Since 2012, for the well-to-do who want to build a new house anywhere that’s not serviced by a natural gas line in Ontario, the decision making process for custom homes with lots of glass eventually whittles down to installing a Ground Source Heat Pump (GSHP). But is the GSHP a Silver Bullet or a Hail Mary pass when it comes to SB-12′s distorted view of energy efficiency?
Heat pumps are brilliant machines and unlike the electric baseboard heater which converts electrical energy directly into heat, a heat pump uses electrical energy to “move” heat. A GSHP moves heat from the ground into the house in winter time but in summer time, it pumps the heat out of the house back into the ground. The same with an Air Source Heat Pump (ASHP), except that an ASHP moves heat from the air in the house to the air out outside. Because heat pumps move heat instead of generating heat, they are up to 3 times as efficient in their use of utility-based electricity.
It’s that last point that has many new home owners with GSHP in Ontario feeling the sting. As electricity prices keep going up, any GSHP that happens to run on auxiliary heat the during utility’s peak prices, will see a massive spike in heating cost. Remember, time of day use varies from 8.3¢ per kWh to 17.5¢ per kWh and at twice the price, it doesn’t take long. Imagine filling your car’s gas tank during rush hour for $2 a litre as opposed to filing up off-peak for only $1 a litre; when would you shop?
Putting aside Henry Gifford’s contention that “heat pumps actually use more fossil fuel than a furnace or boiler” one cannot deny that their exact energy performance isn’t always cut and dry. There are many factors that go into designing and installing a GSHP system and it should be known that identical systems installed in 2 different locations by different installers and used by a different occupants with different lifestyles will have an impact on the performance of the GSHP.
For example, did you know that some loop fields need to be “recharged” with summer-time heat and actually depend on the occupant using the AC to pump heat back into the ground or risk running out of stored heat the following winter? Did you know that a GSHP system’s loop length is something not to be be trifled with and that it needs to be purged with a very high powered pump when commissioned? Commissioned? Yes, your installer should provide you with a Commissioning Report. You’ll also need a very large electrical panel; 60A for the pump, 60A for the auxiliary heat (read: electric resistance heating).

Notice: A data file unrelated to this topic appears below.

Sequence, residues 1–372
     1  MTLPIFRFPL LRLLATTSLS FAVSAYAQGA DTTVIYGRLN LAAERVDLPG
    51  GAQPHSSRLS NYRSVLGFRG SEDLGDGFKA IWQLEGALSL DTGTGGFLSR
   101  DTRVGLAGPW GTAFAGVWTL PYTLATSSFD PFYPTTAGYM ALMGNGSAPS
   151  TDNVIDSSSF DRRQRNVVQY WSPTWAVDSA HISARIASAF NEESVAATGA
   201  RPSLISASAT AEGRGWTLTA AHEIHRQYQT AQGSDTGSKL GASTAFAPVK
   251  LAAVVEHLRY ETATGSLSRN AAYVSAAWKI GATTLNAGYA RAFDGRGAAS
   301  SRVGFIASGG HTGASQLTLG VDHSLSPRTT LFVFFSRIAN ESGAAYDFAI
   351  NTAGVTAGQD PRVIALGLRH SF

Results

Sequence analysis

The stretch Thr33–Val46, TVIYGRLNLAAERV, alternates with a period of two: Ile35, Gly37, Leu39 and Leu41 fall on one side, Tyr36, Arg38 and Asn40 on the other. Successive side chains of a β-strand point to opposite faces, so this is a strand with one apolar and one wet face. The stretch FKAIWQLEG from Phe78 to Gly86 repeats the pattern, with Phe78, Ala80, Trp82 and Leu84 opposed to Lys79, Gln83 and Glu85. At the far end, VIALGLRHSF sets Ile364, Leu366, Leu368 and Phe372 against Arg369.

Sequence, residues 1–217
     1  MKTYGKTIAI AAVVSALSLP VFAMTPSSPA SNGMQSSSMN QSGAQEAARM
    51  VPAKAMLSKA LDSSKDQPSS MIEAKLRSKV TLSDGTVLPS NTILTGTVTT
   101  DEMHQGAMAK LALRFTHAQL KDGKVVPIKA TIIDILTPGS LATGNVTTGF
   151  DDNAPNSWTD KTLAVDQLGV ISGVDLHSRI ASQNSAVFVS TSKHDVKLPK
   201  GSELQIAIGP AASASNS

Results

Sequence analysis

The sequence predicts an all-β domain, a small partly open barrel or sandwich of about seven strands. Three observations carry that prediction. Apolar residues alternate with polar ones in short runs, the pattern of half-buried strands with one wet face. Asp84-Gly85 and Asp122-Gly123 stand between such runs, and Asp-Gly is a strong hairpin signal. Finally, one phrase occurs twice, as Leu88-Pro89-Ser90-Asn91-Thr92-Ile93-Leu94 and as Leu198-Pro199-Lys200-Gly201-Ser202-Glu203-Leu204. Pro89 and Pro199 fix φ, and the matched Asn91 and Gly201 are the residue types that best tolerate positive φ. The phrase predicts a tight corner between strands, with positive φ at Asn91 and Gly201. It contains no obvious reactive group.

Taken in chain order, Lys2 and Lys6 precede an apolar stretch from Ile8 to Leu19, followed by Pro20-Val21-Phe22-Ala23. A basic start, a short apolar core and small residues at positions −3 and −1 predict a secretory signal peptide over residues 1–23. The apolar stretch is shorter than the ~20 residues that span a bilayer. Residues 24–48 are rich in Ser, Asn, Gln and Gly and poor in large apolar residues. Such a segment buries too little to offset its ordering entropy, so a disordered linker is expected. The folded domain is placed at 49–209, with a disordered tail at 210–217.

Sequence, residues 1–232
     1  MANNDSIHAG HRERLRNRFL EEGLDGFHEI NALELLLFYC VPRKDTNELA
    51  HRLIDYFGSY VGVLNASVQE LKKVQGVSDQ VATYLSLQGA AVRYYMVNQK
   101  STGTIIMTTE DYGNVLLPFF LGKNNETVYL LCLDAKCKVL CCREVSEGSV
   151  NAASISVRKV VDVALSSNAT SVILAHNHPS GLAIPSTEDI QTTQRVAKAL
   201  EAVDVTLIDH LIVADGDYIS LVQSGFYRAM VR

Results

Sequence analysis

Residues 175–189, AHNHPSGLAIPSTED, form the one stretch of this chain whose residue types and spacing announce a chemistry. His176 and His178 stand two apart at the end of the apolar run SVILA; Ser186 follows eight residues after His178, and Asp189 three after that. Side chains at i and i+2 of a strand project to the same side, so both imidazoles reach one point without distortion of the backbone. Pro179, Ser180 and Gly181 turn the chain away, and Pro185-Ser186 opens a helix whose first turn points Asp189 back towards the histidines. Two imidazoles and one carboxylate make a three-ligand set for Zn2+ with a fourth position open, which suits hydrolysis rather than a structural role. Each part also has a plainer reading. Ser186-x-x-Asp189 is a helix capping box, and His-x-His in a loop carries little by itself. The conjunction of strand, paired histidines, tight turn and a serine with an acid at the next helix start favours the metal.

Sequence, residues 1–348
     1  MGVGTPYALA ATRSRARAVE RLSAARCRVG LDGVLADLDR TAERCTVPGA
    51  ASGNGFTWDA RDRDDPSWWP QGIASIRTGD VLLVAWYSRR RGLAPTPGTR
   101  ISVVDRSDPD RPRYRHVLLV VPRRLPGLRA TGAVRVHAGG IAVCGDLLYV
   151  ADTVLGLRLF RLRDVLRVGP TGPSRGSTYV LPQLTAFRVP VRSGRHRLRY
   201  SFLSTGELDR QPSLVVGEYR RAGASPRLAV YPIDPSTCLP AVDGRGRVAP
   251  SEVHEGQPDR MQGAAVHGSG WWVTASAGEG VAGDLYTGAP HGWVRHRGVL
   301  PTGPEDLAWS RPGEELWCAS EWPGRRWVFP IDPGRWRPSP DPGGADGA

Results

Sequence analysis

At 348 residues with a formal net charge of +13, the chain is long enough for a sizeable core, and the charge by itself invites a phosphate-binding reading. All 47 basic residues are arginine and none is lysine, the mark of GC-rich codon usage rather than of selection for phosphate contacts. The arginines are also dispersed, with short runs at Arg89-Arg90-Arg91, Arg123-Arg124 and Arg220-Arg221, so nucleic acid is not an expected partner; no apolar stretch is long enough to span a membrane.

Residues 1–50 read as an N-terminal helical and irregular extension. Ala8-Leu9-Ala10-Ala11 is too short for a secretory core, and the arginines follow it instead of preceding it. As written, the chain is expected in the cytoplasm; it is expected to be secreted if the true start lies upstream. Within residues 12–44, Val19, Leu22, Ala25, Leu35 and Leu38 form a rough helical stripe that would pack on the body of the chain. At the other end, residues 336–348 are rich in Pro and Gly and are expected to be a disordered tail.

Where the vagaries of GSHP systems seem to be given short shrift is in the Ontario Building Code. SB-12 relies on old energy modeling software used to calculate “compliance” to building codes and gives the GSHP with electrical resistance backup accolades that might not always be deserved given the potential for variance in their mechanical components, geological fields, occupant lifestyle and control parameters.
Remember, if you’re going to install a GSHP, get it commissioned per link above but first have an expert energy modeler help you reduce your loads. Not all software is equal and you may want to follow many of the Passive House principles to help you design with thermal comfort in mind. If installing lots of thermally weak components like windows, don’t cheap out; invest in high performance windows that are sized to benefit the occupant’s comfort and compliment your HVAC system. We’re also looking forward to the 2017 version of SB-12 that will see the adoption of new more powerful and specialised software – WUFI Passive - that can help the design community avoid thermally weak envelope designs by calculating interior surface temperatures of window frames and exterior walls to avoid drafty feeling rooms and windows condensation.
Remember, don’t paint yourself in a glass corner; if you have large wall(s) of glass in a given room, the room should be thermostatically controlled and zoned independently to optimize comfort. Finally, if you’re betting on the Hail-Mary pass, heed Peter Yost of GBA words “Ground-source heat pump systems work great if you have an expert installer, for both the above- and the below-grade work, and you stick with the leading manufactured systems. Play with either or both of these and you are playing with fire.”